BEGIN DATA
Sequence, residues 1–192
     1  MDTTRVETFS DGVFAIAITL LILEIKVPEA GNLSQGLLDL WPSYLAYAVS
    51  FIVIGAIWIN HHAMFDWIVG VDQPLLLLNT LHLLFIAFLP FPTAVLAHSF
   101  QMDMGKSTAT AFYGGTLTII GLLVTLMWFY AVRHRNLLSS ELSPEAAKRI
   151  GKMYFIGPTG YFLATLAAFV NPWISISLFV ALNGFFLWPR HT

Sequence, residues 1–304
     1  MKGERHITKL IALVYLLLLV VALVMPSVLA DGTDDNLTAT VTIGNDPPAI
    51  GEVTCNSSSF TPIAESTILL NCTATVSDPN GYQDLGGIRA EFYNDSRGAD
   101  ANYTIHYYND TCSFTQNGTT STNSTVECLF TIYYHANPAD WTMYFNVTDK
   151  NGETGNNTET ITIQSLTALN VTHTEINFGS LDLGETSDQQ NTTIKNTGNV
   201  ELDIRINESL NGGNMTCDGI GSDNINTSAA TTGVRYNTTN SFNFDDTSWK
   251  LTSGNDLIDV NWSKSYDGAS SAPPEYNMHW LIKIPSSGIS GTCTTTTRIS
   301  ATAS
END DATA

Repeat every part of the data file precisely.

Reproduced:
Sequence, residues 1–192
     1  MDTTRVETFS DGVFAIAITL LILEIKVPEA GNLSQGLLDL WPSYLAYAVS
    51  FIVIGAIWIN HHAMFDWIVG VDQPLLLLNT LHLLFIAFLP FPTAVLAHSF
   101  QMDMGKSTAT AFYGGTLTII GLLVTLMWFY AVRHRNLLSS ELSPEAAKRI
   151  GKMYFIGPTG YFLATLAAFV NPWISISLFV ALNGFFLWPR HT

Sequence, residues 1–304
     1  MKGERHITKL IALVYLLLLV VALVMPSVLA DGTDDNLTAT VTIGNDPPAI
    51  GEVTCNSSSF TPIAESTILL NCTATVSDPN GYQDLGGIRA EFYNDSRGAD
   101  ANYTIHYYND TCSFTQNGTT STNSTVECLF TIYYHANPAD WTMYFNVTDK
   151  NGETGNNTET ITIQSLTALN VTHTEINFGS LDLGETSDQQ NTTIKNTGNV
   201  ELDIRINESL NGGNMTCDGI GSDNINTSAA TTGVRYNTTN SFNFDDTSWK
   251  LTSGNDLIDV NWSKSYDGAS SAPPEYNMHW LIKIPSSGIS GTCTTTTRIS
   301  ATAS